This information has been written for patients, their families and friends and the general public to help them understand more about a rare benign (non-cancerous) tumour known as ameloblastoma. This section will detail what an ameloblastoma is and how ameloblastomas can be diagnosed and treated.
For a downloadable source of this information, please view our 'Downloadable Information Materials' page to view all of our fact sheets.
Ameloblastoma is a rare tumour which involves excess tissue growth in and around the jaw. This tumour is usually benign (non cancerous) and can appear to be solid or cyst-like. It is important that this non-cancerous tumour is diagnosed early in order to prevent its excessive growth, bone destruction and possible progression to a cancerous tumour.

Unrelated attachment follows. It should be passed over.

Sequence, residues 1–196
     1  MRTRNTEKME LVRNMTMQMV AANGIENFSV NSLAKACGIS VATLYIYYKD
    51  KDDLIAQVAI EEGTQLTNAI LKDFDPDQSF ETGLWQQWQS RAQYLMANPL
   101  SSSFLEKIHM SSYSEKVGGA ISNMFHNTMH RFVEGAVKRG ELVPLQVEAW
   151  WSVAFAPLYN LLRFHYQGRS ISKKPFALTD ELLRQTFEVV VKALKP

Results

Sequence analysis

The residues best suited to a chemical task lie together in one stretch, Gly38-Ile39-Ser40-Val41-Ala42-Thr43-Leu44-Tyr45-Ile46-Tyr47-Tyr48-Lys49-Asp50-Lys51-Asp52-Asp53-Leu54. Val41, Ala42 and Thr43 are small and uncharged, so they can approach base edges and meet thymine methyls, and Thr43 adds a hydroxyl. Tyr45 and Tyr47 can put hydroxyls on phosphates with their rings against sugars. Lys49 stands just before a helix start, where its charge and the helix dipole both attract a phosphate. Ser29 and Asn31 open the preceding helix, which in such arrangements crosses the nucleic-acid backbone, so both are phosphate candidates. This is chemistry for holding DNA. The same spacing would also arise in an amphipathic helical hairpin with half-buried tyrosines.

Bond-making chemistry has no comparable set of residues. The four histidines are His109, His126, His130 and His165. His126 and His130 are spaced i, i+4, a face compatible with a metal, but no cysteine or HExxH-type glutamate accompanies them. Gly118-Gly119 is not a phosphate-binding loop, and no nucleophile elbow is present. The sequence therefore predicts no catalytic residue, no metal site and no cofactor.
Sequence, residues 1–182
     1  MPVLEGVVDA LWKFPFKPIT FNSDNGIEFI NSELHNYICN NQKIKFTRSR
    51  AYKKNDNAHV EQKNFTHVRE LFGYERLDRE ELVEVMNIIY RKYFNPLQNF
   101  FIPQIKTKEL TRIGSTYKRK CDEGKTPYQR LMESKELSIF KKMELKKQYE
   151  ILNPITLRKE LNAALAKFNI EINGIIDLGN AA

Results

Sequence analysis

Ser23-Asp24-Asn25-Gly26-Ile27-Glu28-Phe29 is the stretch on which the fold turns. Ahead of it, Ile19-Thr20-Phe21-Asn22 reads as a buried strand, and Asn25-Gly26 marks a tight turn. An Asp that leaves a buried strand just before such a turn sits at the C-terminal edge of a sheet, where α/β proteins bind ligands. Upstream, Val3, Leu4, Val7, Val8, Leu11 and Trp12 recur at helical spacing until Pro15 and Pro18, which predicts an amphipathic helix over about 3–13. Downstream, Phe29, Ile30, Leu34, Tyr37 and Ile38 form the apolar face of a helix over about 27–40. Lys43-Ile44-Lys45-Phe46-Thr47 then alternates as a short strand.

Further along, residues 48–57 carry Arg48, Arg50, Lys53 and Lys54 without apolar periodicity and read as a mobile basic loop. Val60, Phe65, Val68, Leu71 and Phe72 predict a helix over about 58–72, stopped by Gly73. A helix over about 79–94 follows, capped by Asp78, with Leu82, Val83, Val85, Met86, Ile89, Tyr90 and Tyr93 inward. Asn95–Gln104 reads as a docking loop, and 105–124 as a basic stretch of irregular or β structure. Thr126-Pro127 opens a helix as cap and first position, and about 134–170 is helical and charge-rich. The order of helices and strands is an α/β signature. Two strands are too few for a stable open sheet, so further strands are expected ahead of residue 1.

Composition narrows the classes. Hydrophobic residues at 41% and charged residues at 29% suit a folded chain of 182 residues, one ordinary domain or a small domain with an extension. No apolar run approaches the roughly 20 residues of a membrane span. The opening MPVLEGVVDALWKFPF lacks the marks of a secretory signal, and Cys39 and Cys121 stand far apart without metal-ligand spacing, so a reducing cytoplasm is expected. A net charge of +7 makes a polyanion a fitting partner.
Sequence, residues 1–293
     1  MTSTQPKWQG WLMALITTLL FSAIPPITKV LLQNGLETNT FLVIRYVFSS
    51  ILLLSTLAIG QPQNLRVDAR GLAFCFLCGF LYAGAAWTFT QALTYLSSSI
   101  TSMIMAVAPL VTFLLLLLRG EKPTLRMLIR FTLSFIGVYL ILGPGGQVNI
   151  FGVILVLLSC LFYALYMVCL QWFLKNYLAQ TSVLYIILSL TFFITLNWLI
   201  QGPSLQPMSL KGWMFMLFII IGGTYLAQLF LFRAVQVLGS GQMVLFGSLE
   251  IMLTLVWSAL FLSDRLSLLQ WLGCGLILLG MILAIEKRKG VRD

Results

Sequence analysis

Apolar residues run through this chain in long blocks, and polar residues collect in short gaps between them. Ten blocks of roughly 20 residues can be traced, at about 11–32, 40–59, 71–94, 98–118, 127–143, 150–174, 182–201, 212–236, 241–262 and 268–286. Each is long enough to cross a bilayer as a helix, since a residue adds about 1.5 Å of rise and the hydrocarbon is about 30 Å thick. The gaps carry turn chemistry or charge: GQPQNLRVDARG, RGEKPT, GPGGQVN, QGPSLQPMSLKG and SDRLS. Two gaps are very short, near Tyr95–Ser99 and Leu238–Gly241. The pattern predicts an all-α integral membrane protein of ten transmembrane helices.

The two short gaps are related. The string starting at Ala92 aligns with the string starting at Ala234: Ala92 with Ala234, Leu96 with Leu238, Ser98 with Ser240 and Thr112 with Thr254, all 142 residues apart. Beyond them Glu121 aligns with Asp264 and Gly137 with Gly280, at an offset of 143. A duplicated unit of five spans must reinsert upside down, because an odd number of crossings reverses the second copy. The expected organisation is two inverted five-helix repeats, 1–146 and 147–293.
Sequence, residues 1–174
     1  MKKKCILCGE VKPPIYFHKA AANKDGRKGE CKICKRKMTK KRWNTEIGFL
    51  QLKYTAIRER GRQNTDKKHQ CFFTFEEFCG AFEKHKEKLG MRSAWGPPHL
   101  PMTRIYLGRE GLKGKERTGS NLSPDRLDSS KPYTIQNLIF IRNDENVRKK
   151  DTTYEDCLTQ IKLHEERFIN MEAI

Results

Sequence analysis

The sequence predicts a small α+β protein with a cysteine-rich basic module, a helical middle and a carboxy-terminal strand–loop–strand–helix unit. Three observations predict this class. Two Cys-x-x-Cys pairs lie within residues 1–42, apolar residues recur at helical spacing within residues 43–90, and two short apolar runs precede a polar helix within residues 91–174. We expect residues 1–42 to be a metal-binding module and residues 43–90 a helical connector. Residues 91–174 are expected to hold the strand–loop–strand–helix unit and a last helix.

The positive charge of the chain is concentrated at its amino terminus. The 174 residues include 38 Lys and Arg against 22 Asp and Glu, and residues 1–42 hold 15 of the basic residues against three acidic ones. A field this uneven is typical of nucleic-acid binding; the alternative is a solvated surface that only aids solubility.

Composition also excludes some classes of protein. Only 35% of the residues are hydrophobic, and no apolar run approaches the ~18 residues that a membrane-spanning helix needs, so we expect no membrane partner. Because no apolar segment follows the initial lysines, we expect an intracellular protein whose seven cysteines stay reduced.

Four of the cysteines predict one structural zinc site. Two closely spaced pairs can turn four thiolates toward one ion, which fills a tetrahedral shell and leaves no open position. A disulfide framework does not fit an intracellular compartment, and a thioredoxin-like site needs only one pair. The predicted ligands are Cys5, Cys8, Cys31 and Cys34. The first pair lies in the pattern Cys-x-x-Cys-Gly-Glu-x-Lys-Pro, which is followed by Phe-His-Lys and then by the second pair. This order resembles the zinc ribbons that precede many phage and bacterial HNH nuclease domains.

Ameloblastoma is a rare, benign, tumour of the bone which can occur in the lower or upper jaw bone. It is very common for this tumour to occur around the position of the third molar tooth (known as the wisdom tooth). These tumours occur most frequently in the lower jaw bone (known as the mandible), with approximately 80% of reported ameloblastomas occurring here. The remaining 20% of cases occur in the upper jaw bone (known as the maxilla), or present in both the mandible and the maxilla simultaneously(1).
Although ameloblastomas tend to be slow-growing, non-cancerous, tumours they can occasionally become aggressive and affect tissues surrounding the jaw area, such as the sinuses or eye-sockets as well as nerves and blood vessels. We describe this behaviour as ‘locally aggressive’, which can cause swelling and bone destruction at the site of the ameloblastoma. As this tumour type originates in the tissues that give rise to teeth, bone destruction can result in some facial distortion(2,3).